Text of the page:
To be able to stick with the lifestyle, which our ancestors practiced is probably the toughest challenge anyone could face. However, few miles away from the cosmopolitan city of Kathmandu, the time stopped many centuries ago and still these two villages flanking each other boast and practice the traditional lifestyle, as the inseparable legacy inherited to them by their ancestors. Yes, Bungmati and Khokana are typical Newari Villages inside Kathmandu Valley, traditional enough to surprise any new traveler with their ways to perceiving life and the lifestyle.
Bunga in Newari dialect and Amarapur is its ancient name- Bungamati the sixth century village inside Kathmandu Valley is the half home to revered God of Rain Rato Machhindranath. The center of Bungmati has the Shikara-style temple of Rato Machhindranath ringed by the traditional houses, where abundant traditional occupations and the signs of traditional lifestyle can be observed. Truly, speaking Bungmati is the living museum inside Kathmandu Valley, which preserves the prosperous legacy of arts and civilization of the ancient and medieval Nepal.
Nestling atop a slightly elevated land overlooking Bagmati, the village has been the hub of farming, livestocking and fishing throughout the reigns of different dynasties over Kathmandu Valley until the date. The first stele of Amshuverma that dates back to 605 AD was found here in Bungmati.
The carnival during the procession of Rato Machhindranath to his other home in Patan is the most interesting and important festival attached to the natives of Bungmati. In the close proximity, the temple of Karyabinayek adds religious significance to this historic site. Though, the existence of Living Goddess Kumari is only heard in three cities of Kathmandu Valley, the neighboring town Bungmati also has its own Kumari along with Rato Machhindranath and Ganesh.
While exploring Bungmati, travelers have the opportunities to witness the ongoing works of woodcarving, the rural lifestyle that manifests medieval time Nepal and they can peacefully observe the artworks carved in the walls, roof, doorways and windows of Rato Machhindranath Temple.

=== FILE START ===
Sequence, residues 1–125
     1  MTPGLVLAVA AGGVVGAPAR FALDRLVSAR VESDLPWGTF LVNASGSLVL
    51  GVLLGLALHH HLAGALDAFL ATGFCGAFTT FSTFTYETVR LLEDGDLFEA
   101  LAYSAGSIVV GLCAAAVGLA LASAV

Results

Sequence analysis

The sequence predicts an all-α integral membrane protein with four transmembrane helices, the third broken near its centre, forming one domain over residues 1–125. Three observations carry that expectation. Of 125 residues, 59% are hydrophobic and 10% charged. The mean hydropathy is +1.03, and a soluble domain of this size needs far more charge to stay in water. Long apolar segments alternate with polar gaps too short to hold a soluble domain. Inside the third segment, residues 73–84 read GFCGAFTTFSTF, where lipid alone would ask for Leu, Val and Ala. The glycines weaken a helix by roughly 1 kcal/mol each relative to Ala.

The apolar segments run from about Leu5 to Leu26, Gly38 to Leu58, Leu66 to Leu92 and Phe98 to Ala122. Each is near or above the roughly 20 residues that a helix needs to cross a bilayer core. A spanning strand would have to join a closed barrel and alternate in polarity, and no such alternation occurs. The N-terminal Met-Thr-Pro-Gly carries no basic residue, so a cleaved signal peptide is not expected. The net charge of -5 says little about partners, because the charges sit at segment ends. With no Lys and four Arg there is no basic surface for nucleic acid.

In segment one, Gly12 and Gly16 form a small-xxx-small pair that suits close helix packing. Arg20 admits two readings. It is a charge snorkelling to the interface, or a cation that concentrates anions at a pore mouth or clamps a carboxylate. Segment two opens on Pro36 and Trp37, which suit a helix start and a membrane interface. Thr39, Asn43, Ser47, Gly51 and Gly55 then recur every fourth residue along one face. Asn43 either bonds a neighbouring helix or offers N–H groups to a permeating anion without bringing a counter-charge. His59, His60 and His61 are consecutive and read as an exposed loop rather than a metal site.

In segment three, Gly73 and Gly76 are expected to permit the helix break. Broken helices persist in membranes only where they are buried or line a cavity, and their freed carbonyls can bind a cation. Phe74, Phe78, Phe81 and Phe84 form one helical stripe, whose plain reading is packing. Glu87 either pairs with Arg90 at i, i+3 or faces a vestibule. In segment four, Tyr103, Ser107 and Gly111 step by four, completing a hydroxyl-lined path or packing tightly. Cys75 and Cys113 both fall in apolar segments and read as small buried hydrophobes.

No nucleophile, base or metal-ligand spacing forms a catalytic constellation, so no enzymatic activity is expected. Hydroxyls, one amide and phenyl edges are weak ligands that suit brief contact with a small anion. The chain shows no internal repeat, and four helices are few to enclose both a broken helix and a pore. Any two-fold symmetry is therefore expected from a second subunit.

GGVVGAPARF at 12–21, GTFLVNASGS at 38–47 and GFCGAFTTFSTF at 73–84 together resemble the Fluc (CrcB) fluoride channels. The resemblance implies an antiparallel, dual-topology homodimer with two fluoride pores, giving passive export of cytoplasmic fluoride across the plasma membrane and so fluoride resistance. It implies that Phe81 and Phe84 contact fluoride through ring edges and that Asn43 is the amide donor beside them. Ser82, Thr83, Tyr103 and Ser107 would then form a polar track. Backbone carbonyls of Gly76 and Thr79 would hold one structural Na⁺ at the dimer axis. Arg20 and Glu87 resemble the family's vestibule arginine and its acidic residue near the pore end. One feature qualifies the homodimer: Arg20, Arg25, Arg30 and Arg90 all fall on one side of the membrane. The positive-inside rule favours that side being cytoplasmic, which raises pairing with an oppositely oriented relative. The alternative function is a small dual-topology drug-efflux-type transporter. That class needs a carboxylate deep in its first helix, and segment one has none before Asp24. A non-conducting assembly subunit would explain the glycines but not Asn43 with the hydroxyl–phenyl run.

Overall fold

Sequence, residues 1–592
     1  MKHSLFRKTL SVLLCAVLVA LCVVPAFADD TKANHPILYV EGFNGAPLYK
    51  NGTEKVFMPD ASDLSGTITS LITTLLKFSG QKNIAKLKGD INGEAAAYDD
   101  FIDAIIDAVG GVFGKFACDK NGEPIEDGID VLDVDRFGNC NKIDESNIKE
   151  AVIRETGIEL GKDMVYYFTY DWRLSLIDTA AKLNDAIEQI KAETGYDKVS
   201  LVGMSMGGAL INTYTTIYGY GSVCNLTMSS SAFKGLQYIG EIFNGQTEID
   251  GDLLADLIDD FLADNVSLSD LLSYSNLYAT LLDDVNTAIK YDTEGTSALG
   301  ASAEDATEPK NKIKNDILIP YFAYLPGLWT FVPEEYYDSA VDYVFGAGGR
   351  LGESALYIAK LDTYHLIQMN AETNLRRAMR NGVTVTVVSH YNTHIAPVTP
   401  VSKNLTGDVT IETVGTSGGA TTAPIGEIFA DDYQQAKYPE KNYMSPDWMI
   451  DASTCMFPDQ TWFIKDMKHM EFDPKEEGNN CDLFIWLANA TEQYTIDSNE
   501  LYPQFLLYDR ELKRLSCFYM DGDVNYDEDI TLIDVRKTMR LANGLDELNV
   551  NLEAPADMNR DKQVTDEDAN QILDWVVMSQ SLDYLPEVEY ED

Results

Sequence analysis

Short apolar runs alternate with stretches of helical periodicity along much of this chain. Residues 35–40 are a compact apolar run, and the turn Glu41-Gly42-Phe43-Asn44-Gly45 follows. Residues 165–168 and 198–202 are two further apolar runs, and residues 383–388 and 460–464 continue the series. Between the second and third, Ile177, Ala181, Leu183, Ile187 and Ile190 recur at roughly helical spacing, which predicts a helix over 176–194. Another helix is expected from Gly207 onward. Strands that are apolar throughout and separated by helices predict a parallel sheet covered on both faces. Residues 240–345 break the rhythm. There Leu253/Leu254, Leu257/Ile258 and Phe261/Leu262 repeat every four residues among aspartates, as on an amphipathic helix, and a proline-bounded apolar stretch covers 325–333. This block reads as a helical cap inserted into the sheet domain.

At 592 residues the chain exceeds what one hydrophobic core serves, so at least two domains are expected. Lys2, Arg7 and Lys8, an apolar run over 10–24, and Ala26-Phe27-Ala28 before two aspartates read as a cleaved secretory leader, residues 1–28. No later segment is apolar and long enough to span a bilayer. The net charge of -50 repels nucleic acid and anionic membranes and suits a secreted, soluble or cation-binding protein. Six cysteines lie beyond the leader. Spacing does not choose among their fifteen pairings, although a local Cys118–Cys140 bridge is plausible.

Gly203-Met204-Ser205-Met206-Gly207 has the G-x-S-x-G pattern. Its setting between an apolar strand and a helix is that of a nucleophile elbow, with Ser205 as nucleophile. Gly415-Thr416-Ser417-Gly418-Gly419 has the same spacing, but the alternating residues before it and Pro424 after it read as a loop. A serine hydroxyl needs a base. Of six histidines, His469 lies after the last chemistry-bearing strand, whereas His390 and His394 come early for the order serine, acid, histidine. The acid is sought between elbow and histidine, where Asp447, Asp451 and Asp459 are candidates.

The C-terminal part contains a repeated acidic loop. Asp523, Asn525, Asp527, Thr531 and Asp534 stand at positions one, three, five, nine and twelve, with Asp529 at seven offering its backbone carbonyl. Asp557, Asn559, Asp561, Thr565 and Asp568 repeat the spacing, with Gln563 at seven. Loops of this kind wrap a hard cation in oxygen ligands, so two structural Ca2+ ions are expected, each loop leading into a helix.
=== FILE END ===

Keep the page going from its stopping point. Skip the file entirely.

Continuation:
Not far from, Bungmati, a small traditional Newari Village and the more authentic Living Museum, Khokana lies. Khokana, has its own incredible history and has the most authentic Newari culture that has been preserved here in every house since the medieval era. Most of the households in Khokana depend on farming and traditional occupations like woodcarvings. It is wonderful to watch the natives spending their times in the yards of their houses working and gossiping, which has been the integral part of Newa Community for ages.
The sights like women spinning traditional wool-wheel (charkha) to weave the wool and men carrying kharpans (the circular boxes joined by a bamboo and stringed down to air to put their farm products inside it) are the most spectacular views in Khokana. Moreover, every sight the travelers get to see in Khokana is all traditionally authentic, which date back to medieval age Nepal.
An example of well-planned settlement of the medieval Nepal, Khokana has the proper drainage system throughout the village. With the Temple of Shree Rudrayani at its center, every crossroad in this traditional village has chaityas (a place to worship) and a small temple. Stone paved streets with traditional houses on both sides, Khokana is an ideal sight for life and people photography. Nominated for UNESCO World Heritage Site, Khokana has been well known for industrial Heritage with its traditional way of producing the mustard oil.
This small town is at full swing of celebration during the August. The festival displays all unique and traditional Newari dances of Kathmandu that include Thimi dance and Devi dance. Few enthusiastic female entrepreneurs being the members of Sabah Nepal cater Newari foods like Newari pancake (woh), a sweet steamed dumpling filled with molasses and sesame (yomari) and strong Nepali wine (ayla). The traditional music and artistic displays of wood are also the major highlights of the festival.
Though criticized as cultural taboo by many animal rights activists, the Khokana Festival observes this unique festival with the sacrifice of young goat in a very dramatic way. The goat hanged upright down to the pond is tortured to death. We do not encourage such inhumane activity; however, the culture of Khokana boasts this activity as pleasing the Gods and Goddess for the safety of entire village.
Good and bad are everywhere. But, to explore these two magnificent medieval towns are worthwhile as they represent the most traditional culture of ancient Kathmandu, which still is at the full bloom in Bungmati and Khokana.
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